OTHER RESOURCES

There is no biographical file for pilot Burlew in the archives of the National Air & Space Museum (NASM), Washington, DC.

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THANK YOU!

YOUR PURCHASE OF THESE BOOKS SUPPORTS THE WEB SITES THAT BRING TO YOU THE HISTORY BEHIND OLD AIRFIELD REGISTERS

Your copy of the Davis-Monthan Airfield Register with all the pilots' signatures and helpful cross-references to pilots and their aircraft is available at the link. 375 pages with black & white photographs and extensive tables

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The Congress of Ghosts (available as eBook) is an anniversary celebration for 2010.  It is an historical biography, that celebrates the 5th year online of www.dmairfield.org and the 10th year of effort on the project dedicated to analyze and exhibit the history embodied in the Register of the Davis-Monthan Airfield, Tucson, AZ. This book includes over thirty people, aircraft and events that swirled through Tucson between 1925 and 1936. It includes across 277 pages previously unpublished photographs and texts, and facsimiles of personal letters, diaries and military orders. Order your copy at the link.

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Military Aircraft of the Davis Monthan Register, 1925-1936 is available at the link. This book describes and illustrates with black & white photographs the majority of military aircraft that landed at the Davis-Monthan Airfield between 1925 and 1936. The book includes biographies of some of the pilots who flew the aircraft to Tucson as well as extensive listings of all the pilots and airplanes. Use this FORM to order a copy signed by the author, while supplies last.

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Art Goebel's Own Story by Art Goebel (edited by G.W. Hyatt) is written in language that expands for us his life as a Golden Age aviation entrepreneur, who used his aviation exploits to build a business around his passion.  Available as a free download at the link.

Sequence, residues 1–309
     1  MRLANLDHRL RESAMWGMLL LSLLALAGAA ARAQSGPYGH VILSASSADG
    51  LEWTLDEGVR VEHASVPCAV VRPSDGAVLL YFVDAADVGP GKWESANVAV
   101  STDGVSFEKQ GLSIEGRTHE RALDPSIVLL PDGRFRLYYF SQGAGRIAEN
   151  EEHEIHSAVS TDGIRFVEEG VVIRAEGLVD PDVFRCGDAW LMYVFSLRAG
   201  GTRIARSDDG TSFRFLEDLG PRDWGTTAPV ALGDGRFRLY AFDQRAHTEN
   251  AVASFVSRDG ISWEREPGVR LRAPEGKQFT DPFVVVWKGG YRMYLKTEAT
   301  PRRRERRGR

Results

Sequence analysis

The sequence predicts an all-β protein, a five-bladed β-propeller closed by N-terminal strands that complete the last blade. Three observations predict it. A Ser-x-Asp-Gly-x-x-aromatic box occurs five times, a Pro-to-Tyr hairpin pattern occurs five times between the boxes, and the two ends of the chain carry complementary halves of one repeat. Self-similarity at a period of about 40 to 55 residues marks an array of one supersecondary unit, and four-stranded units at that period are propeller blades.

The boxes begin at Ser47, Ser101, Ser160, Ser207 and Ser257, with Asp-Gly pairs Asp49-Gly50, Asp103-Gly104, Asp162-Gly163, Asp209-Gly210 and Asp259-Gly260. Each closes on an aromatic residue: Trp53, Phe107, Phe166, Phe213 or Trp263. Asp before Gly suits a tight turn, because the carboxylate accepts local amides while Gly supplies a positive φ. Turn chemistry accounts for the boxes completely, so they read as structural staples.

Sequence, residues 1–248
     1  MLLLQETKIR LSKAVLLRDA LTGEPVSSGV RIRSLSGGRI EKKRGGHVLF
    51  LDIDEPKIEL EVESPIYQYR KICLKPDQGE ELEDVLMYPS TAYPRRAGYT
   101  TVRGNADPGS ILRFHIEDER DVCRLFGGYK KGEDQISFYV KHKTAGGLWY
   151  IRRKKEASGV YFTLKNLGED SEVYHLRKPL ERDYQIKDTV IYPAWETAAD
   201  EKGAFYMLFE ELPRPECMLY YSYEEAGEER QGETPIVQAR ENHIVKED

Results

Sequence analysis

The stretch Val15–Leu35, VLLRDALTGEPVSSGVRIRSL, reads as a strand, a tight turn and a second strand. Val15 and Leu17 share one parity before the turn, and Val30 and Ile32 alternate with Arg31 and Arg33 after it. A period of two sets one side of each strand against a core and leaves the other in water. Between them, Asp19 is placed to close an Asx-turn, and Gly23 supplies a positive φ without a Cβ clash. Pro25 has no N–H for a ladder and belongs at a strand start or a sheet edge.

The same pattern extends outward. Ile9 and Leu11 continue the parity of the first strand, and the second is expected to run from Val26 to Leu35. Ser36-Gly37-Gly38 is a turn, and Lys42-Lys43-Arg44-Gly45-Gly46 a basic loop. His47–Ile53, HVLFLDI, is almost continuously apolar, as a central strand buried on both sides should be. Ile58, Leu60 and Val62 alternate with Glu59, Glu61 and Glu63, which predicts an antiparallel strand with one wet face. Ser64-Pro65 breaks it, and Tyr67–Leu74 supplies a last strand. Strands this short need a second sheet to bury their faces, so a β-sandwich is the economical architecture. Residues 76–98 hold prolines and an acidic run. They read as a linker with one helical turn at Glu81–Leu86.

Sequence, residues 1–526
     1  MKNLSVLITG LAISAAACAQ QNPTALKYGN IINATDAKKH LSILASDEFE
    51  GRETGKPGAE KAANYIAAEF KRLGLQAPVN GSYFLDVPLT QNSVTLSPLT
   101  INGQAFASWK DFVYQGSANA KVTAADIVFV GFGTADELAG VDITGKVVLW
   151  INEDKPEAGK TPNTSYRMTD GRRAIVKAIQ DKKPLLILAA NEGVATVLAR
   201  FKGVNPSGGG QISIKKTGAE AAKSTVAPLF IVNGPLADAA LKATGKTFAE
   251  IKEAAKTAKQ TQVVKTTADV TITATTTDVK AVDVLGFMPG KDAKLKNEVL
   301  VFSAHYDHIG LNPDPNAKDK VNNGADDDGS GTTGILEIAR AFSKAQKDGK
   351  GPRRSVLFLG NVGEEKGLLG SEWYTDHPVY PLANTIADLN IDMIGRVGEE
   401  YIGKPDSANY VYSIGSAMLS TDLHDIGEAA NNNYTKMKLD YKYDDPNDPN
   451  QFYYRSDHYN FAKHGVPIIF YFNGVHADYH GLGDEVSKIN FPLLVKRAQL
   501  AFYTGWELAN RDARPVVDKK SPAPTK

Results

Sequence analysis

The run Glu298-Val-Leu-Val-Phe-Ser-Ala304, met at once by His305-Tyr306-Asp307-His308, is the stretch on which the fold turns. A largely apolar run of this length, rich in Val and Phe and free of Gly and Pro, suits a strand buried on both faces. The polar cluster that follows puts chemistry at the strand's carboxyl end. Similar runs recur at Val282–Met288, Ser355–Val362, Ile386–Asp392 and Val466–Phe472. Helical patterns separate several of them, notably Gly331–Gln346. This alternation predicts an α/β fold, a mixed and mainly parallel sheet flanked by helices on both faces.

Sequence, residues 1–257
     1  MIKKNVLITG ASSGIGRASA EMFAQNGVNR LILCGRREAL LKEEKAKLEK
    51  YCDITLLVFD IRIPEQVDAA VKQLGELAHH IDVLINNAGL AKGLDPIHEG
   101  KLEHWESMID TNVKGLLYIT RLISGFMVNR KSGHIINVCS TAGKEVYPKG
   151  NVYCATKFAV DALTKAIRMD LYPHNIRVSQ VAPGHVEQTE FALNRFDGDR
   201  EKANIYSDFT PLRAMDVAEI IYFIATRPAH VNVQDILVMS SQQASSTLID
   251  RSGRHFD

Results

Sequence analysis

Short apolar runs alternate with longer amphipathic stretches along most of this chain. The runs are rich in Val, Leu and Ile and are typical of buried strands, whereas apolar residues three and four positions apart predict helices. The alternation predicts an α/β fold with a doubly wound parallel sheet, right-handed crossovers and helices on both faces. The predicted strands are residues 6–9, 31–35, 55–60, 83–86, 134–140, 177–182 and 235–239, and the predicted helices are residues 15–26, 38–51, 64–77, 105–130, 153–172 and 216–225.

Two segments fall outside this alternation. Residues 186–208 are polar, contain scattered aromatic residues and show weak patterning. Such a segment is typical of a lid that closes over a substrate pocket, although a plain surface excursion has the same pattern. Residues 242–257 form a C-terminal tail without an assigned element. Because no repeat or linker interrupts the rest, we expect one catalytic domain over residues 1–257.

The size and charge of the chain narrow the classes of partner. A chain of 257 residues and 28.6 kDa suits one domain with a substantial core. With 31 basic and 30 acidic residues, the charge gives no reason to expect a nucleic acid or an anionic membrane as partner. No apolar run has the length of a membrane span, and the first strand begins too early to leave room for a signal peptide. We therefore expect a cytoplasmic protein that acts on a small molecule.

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Winners' Viewpoints: The Great 1927 Trans-Pacific Dole Race (available as eBook) is available at the link. This book describes and illustrates with black & white photographs the majority of military aircraft that landed at the Davis-Monthan Airfield between 1925 and 1936. The book includes biographies of some of the pilots who flew the aircraft to Tucson as well as extensive listings of all the pilots and airplanes. Use this FORM to order a copy signed by the author, while supplies last.

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Clover Field: The first Century of Aviation in the Golden State (available in paperback) With the 100th anniversary in 2017 of the use of Clover Field as a place to land aircraft in Santa Monica, this book celebrates that use by exploring some of the people and aircraft that made the airport great. 281 pages, black & white photographs.

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I'm looking for information and photographs of pilot Burlew and his airplane to include on this page. If you have some you'd like to share, please click this FORM to contact me.

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FRED NORTHROP BURLEW

 

Fred Burlew landed and signed the Clover Field Register once, on Sunday, April 26, 1931 at 12:45PM. He carried two unidentified passengers in the Curtiss C-1 Robin he identified as NC934K, S/N 594. The aircraft owner was listed as Fred Burlew. They arrived at Santa Monica from Santa Ana, CA and Burlew identified their destination as Palo Alto, CA.